Published: 2 October 2018

Value of welfare services for households an average of good EUR 7,000 per year

In 2016, the monetary benefit gained by households from the use of welfare services was EUR 7,100, on average. Households got most value for their tax euros from free education, EUR 3,300, on average, and health care, nearly EUR 2,900 per household.

Nearly everybody benefits from welfare services in some form, close on three per cent of households did not use them at all during the year.

Households’ actual consumption expenditure by income bracket in 2016 (EUR per consumption unit)

Households’ actual consumption expenditure by income bracket in 2016 (EUR per consumption unit)

The income distribution effect of welfare services can generally be thought to equalise income differences to some degree, for example, because low income earners get ill more. In Finland, services are utilised in euros relatively evenly in different income brackets, the highest income quintile somewhat less.

When the value of used welfare services is proportioned to the household’s other consumption expenditure, the differences become clearer. For low income earners, paying for the services themselves would add nearly one third to consumption expenditure. Expenditure would grow by 10 per cent in the highest income quintile. The average increase in consumption expenditure would be around 20 per cent.

The income distribution effect is partly linked to the life situation. Student households typically belong to the lowest income brackets, but free education raises the so-called actual consumption expenditure, in which the consumption of public services is included, considerably higher. If student households had to pay for their studies themselves, it would mean at nearly a 50 per cent increase in consumption expenditure per year.

Households’ actual consumption expenditure by socio-economic group in 2016 (EUR per cosumption unit)

 Households’ actual consumption expenditure by socio-economic group in 2016 (EUR per cosumption unit)

Households’ actual consumption – concept for international comparisons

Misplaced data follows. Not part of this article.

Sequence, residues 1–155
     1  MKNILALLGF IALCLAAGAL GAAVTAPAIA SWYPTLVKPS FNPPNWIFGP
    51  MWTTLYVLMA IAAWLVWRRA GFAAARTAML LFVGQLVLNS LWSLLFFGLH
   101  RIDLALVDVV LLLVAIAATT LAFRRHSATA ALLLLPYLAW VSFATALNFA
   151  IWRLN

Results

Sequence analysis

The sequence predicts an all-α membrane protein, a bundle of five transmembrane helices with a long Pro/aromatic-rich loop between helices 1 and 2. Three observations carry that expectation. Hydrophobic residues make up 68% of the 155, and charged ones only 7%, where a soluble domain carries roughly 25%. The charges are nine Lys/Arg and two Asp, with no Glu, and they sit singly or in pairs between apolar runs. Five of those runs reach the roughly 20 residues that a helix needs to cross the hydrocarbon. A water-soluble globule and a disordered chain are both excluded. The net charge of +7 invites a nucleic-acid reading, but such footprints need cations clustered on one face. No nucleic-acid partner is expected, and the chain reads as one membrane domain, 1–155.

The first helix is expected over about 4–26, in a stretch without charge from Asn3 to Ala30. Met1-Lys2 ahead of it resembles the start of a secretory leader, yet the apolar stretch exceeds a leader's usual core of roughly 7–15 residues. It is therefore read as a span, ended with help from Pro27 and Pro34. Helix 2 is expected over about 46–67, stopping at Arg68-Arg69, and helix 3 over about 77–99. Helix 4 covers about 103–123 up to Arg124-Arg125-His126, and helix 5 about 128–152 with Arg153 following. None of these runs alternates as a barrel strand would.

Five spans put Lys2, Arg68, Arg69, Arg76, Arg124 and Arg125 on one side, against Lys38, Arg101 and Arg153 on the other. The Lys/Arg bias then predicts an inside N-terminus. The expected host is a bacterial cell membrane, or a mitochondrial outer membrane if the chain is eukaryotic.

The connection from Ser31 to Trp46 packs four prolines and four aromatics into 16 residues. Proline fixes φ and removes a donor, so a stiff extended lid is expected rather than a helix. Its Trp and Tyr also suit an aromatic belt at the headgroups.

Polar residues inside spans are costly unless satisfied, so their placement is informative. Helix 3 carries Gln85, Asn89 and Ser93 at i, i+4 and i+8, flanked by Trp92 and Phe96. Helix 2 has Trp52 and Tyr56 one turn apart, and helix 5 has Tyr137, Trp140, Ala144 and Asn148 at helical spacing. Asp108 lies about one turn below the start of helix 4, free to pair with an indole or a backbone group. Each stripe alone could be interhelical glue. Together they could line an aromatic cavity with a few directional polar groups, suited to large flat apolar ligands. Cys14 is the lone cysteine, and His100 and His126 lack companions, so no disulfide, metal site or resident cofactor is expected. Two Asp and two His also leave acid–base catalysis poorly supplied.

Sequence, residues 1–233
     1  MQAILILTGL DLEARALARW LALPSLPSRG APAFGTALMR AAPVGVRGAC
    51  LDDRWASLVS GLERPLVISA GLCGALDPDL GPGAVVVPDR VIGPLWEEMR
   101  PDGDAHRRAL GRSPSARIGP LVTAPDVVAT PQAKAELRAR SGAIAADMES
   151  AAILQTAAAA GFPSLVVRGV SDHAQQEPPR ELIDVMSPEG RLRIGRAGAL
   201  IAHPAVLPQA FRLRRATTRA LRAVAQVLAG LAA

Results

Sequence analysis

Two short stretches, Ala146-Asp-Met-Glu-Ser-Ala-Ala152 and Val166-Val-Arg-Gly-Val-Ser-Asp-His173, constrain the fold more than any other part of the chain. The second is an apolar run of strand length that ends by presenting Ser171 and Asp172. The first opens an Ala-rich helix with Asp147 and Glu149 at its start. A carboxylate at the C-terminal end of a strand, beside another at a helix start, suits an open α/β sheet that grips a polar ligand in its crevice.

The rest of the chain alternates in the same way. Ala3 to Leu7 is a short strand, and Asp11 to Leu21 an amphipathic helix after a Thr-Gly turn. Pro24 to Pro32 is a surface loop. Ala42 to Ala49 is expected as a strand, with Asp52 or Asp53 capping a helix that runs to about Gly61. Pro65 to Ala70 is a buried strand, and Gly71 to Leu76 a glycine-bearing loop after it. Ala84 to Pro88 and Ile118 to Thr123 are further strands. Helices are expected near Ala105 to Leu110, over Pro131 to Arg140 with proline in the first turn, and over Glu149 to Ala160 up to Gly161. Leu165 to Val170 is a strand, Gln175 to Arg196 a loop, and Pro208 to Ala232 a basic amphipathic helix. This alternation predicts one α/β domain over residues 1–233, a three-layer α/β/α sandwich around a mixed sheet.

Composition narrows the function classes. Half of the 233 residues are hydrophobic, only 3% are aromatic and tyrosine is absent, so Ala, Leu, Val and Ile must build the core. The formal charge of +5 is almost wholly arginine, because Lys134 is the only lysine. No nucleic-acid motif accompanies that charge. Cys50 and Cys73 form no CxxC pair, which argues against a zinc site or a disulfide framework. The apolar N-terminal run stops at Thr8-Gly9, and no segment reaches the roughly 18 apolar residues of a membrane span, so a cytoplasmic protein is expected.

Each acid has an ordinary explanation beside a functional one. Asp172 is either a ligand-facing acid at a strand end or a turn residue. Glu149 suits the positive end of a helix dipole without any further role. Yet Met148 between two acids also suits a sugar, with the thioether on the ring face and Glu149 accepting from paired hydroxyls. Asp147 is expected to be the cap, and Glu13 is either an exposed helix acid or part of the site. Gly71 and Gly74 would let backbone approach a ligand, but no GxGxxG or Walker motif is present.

In international consumption and income comparisons it is recommend to use the concepts of actual consumption and the corresponding adjusted income, where the monetary benefit gained from the use of public services is included. Comparison of mere consumption expenditure or monetary income can give a false image of the subsistence differences of households in different countries if account is not taken of the effect of free services or low-cost services in relation to production costs.

Around 40 percent of public consumption expenditure is spent on arranging public welfare services (education, health care, early childhood education and municipal home care services). The remainder is used on financing social security, administration and collective services, such as water and waste management, the road network, the police, the defence forces, rescue services and so on.

The monetary value of welfare services was calculated in a comparable manner for the first time for the data of the 2012 the Household Budget Survey. All the unit costs needed in the calculation were no longer available at all or at a corresponding accuracy level. In such cases, use was made of a less detailed level unit cost or the data for 2012 was inflated by the value of money in 2016 using an appropriate price index of public expenditure.


Source: Households' consumption 2016, Statistics Finland

Inquiries: Mira Kajantie 029 551 3626, Tuomas Parikka 029 551 3276

Director in charge: Jari Tarkoma

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Tables

Tables in databases


Updated 2.10.2018

Referencing instructions:

Official Statistics of Finland (OSF): Households’ consumption [e-publication].
ISSN=2323-3028. 2016. Helsinki: Statistics Finland [referred: 16.12.2018].
Access method: http://www.stat.fi/til/ktutk/2016/ktutk_2016_2018-10-02_tie_001_en.html